Discovery  mergers_&_acquisitions  Scripps  CATV  CEOs  John_Malone  North_Star  content  consolidation 
august 2017 by jerryking
Supermarkets Face a Growing Problem: Too Much Space - WSJ
By Heather Haddon and Julie Jargon
July 31, 2017

A massive retail build-out has taken a toll on earnings, leaving the industry vulnerable to closures; ‘There’s only so much food we can buy’....Supermarket chains operating in dense areas where shoppers have more online grocery options are particularly vulnerable to future consolidation, according to Barclays Capital Inc., which said that 38 of the top 50 grocery markets in the U.S. are already too saturated by food retail per capita or are on track to be so by next year......the growth in groceries has extended across many types of retailers in recent years. Part of the expansion comes from grocers, who accelerated their store openings as a way to drive sales growth after the 2008 recession. At the same time, club chains, dollar stores, pharmacies—and even gas stations—increased their fresh food offerings to drive traffic and boost profits.....The food-retail sector has become even more saturated at a time when competition is only getting fiercer, particularly at the two ends of the shopping spectrum. Growing European deep-discounters Aldi and Lidl are vying for U.S. market share, hoping their prices will win over the budget-conscious shopper while internet companies like Amazon.com Inc. are trying to lure higher-income grocery shoppers online. Regional supermarkets and conventional ones such as Kroger Co. and Albertsons Cos. are the most likely to get squeezed in the process, according to analysts....... enduring changes in eating and food-shopping habits toward cheaper and more convenient options means consumers will increasingly spread their dollars among a variety of retailers.
retailers  grocery  supermarkets  oversaturation  e-commerce  barbell_effect  real_estate  store_openings  commercial_real_estate  prepared_meals  convenience_stores  pharmacies  overcapacity  Aldi  Lidl  consolidation 
july 2017 by jerryking
When local news outlets shutter due to cuts, we all lose - The Globe and Mail
ELIZABETH RENZETTI
The Globe and Mail
Published Saturday, Apr. 01, 2017

Local journalism, whether it’s at a city paper or a weekly, a radio or TV station, keeps its community entertained and informed. The National isn’t going to send a camera crew to cover the profoundly annoying pothole on Main Street, or the feud between the dress-shop owners, or the cozy relationship between the mayor and the developers. The Globe and Mail is not likely to, either: This is where the country’s 1,060 community papers come in – or where they used to. According to a recent report, those papers lost $400-million, or one-third of their revenue, between 2012 and 2015. The Public Policy Forum’s recent report on media in Canada, called The Shattered Mirror, contains an even more alarming statistic: “Since 2010, there have been 225 weekly and 27 daily newspapers lost to closure or merger in more than 200 federal ridings.” Local television coverage has contracted as well.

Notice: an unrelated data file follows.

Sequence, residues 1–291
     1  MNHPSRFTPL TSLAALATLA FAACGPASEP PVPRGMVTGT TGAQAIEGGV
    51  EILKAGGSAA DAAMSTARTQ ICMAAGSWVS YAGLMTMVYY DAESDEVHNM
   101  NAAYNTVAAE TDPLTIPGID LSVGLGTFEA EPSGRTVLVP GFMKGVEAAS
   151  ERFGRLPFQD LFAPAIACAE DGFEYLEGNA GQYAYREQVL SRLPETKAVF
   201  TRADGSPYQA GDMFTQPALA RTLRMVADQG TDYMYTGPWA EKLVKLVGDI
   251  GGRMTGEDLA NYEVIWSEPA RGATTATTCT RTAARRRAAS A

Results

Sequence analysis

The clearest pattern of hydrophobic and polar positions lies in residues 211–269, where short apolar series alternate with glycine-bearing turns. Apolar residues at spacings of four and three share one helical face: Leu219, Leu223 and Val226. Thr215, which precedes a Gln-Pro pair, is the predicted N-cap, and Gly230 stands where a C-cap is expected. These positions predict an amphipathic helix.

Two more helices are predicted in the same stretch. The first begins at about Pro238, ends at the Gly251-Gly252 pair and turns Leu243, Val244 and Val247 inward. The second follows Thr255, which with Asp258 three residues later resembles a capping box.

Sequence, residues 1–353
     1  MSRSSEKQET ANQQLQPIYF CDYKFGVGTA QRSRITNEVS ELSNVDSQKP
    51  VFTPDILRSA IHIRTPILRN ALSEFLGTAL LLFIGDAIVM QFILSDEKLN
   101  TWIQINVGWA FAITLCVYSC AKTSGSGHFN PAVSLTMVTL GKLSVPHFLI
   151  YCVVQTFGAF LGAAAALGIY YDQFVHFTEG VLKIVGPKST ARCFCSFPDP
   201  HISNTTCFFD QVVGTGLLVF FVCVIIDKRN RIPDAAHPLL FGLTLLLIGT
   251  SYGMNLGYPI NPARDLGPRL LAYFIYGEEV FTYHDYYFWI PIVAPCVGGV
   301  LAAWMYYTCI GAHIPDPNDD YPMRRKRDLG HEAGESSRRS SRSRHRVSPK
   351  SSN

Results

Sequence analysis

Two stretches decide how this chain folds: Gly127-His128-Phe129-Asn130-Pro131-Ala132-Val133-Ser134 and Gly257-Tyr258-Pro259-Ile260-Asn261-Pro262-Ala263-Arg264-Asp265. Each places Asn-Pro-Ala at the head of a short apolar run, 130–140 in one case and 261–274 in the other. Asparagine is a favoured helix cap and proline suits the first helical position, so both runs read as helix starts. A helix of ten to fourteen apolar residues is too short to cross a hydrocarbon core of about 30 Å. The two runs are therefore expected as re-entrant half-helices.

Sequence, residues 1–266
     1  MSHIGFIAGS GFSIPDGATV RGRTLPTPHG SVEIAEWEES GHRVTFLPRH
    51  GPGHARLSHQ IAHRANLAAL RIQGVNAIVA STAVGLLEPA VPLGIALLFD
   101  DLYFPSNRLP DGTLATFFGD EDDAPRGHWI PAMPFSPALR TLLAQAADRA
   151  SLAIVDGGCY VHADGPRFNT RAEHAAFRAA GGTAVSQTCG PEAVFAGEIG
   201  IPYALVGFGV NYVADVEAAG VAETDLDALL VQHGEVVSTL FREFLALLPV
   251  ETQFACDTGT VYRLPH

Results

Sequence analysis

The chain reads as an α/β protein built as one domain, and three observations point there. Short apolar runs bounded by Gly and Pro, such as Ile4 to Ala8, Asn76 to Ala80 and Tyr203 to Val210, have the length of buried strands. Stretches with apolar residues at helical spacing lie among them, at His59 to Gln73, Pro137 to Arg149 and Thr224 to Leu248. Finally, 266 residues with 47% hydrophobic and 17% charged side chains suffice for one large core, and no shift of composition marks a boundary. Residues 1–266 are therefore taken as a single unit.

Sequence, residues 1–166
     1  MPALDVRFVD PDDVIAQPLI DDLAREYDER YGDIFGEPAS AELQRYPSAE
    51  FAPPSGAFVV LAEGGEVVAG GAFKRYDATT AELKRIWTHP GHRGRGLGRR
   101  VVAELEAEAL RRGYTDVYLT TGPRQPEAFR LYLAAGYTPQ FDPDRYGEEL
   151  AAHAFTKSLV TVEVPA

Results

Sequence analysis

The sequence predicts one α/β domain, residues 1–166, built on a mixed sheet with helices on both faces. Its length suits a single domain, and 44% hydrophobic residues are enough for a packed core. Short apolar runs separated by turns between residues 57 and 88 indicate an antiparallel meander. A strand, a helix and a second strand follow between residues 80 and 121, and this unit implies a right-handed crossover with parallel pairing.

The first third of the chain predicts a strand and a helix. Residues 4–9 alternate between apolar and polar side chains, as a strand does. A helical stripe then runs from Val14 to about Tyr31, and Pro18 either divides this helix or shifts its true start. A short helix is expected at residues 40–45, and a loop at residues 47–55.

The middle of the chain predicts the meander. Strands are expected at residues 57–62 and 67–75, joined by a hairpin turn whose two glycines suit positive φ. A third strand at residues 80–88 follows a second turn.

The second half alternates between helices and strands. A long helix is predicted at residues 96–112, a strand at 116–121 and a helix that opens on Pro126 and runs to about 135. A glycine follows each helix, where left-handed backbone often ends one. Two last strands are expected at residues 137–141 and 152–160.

“Well, so what?” you might ask. Your neighbourhood has a Facebook page. The mayor has a Twitter account. Except that none of your neighbours is going to sit through a long and boring zoning meeting and report back (unless he is particularly weird). And the mayor’s Twitter feed? Undeniably good if you’re looking for sunshine and kittens. Not so good for anything she doesn’t want you to see. When provincial legislatures and city councils are left unwatched, it also means no one is keeping an eye on the sausage-making machine of democracy......The problem of fleeing ad dollars and subscribers won’t be settled so easily, either: The industry has struggled with these pains for years. Not-for-profit foundations that run news outlets might be one idea, or hyper-local websites that are crowdsourced by neighbours.....In his farewell column, Kevin Diakiw wrote, “Moving forward, you will likely receive your information from the Internet, or newsrooms pared to the bone. Be sure to read not only information that fits your own narrative, but opposing views as well.

“The weighty responsibility of hunting for balance and accuracy now lands largely on your shoulders.”
newspapers  rural  community  journalism  opposing_actions  journalists  provincial_legislatures  engaged_citizenry  city_councils  local  print_journalism  subscriptions  dual-consciousness  Postmedia  consolidation  local_journalism 
april 2017 by jerryking
Pillars of Black Media, Once Vibrant, Now Fighting for Survival - The New York Times